U.S. Chamber Is The Top Defender of Disgraced Wall Street CEOs. In addition to supporting policies narrowly targeted to benefit select CEOs and Wall Street, the U.S. Chamber frequently takes action to benefit some of the most notorious bad actors in the business community. For example, Donohue defended AIG ex-CEO and former U.S. Chamber insider Hank Greenberg, shortly after he resigned from AIG in 2005 amid investigations of AIG’s accounting. According to the Financial Times, “Donohue insist[ed] prosecutors are at risk of ‘killing the goose that laid the golden egg’ by taking executives to task over accounting methods that are a ‘series of guidelines.’” Greenberg sat on the Chamber board until his ouster from AIG and, with AIG, controlled a foundation that had contributed $19 million to the Chamber in 2003 and 2004. [Financial Times, 4/3/2005]. In another example, The U.S. Chamber urged the Supreme Court to overturn insider trading conviction of Qwest ex-CEO Joe Nacchio, currently serving six years for selling $52 million of Qwest stock in 2001 based on inside information. Donohue was on the Qwest board and its compensation committee that paid Nacchio $81 million in 2001, one of the worst years in the company’s history. [Denver Post, 4/27/2009]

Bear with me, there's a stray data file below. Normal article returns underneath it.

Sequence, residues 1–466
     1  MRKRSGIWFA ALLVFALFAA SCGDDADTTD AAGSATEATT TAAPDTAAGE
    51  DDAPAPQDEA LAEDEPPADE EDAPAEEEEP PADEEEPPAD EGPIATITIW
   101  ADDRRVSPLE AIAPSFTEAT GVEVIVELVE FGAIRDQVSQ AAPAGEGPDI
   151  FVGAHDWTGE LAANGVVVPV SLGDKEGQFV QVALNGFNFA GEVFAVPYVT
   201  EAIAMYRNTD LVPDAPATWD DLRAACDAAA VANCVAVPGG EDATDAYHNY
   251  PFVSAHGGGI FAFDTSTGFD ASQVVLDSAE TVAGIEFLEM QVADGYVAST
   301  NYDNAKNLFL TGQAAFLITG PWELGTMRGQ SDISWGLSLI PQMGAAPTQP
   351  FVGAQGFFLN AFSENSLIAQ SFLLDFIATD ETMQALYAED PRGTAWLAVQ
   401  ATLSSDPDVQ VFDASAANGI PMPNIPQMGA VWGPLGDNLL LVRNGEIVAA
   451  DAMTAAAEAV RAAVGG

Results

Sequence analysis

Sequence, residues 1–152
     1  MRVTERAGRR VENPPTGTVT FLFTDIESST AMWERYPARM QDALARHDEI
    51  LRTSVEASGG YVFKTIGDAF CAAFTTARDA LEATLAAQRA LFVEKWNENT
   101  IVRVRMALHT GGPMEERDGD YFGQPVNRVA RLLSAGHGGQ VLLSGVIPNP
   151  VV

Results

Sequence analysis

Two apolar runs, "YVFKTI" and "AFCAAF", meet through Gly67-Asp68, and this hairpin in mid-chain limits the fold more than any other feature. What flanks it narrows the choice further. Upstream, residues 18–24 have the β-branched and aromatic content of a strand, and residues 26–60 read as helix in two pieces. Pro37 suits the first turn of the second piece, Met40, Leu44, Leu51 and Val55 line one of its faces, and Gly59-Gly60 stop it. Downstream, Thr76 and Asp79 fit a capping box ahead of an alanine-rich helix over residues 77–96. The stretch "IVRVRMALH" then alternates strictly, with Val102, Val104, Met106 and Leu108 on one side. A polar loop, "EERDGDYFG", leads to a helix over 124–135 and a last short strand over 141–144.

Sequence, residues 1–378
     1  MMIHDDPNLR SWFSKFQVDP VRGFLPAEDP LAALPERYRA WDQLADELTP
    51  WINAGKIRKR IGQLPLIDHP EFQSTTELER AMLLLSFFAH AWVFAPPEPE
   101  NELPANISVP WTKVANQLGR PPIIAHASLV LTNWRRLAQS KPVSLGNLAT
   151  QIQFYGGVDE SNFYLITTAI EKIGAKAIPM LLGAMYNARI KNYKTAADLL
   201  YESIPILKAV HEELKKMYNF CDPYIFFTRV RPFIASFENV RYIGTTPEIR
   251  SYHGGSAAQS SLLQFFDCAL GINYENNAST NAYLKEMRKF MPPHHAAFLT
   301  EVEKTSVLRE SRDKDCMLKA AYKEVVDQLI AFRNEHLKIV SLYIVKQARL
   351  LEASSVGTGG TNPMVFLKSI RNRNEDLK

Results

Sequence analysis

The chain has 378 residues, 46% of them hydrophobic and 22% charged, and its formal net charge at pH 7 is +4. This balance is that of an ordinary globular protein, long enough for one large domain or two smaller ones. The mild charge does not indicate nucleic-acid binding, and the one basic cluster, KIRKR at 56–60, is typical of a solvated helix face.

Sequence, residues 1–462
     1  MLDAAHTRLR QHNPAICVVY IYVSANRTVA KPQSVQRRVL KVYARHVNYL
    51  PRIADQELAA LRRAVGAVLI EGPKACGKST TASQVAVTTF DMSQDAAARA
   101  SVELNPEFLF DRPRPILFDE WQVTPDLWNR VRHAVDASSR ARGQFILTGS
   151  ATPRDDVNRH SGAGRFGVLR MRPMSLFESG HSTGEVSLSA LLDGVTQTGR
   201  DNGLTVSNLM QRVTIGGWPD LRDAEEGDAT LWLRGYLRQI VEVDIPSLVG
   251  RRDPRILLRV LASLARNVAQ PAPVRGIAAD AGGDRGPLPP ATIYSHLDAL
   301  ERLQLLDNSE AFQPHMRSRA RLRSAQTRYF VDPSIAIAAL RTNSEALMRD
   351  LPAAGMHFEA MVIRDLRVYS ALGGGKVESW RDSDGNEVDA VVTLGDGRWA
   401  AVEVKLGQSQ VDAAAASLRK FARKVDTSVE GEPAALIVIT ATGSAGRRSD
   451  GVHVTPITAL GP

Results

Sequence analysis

“Main Street” Local Chambers Breaking with the U.S. Chamber
Local Chambers: “They Don’t Represent Me.” Many local Chambers of Commerce – the bodies closest to the main street small businesses that the U.S. Chamber says it represents – are distancing themselves from the U.S. Chamber. Local chambers and business associations who broke from the U.S. Chamber over the past year include: San Jose Chamber of Commerce, Greater New York Chamber of Commerce, Eastern Connecticut Chamber of Commerce, Greater Seattle Chamber of Commerce, Aspen Chamber of Commerce and Resort Association, the Chapel Hill-Carrboro Chamber, and the U.S. Women’s Chamber of Commerce. The CEO of the Greater New York Chamber of Commerce bluntly stated: “They don’t represent me.” [Mother Jones, 10/14/2009]
Members Complain About Closed Policy-Making Process: After Nike quit the U.S. Chamber board in September, its director of government relations said the Chamber’s climate change policy was “not being made at the board-of-director level, because we’re a member of the board of directors. We were not consulted.” Several committee members apparently raised the issue of how they could influence or change the Chamber’s climate policy, according to a representative of one of them, but “were told that basically this was not the forum to do it. There’s basically no outlet for changing the policy.” [Mother Jones, 10/7/2009]
Small Business Leaders Disagree with the Chamber on Support For the CFPA: Despite the U.S. Chamber’s public opposition to the Consumer Financial Protection Agency, business leaders have been vocal in their support for the CFPA. Business for Shared Prosperity, American Business Leaders for Financial Reform and the American Sustainable Business Council are among the business leaders that have voiced their support for the legislation.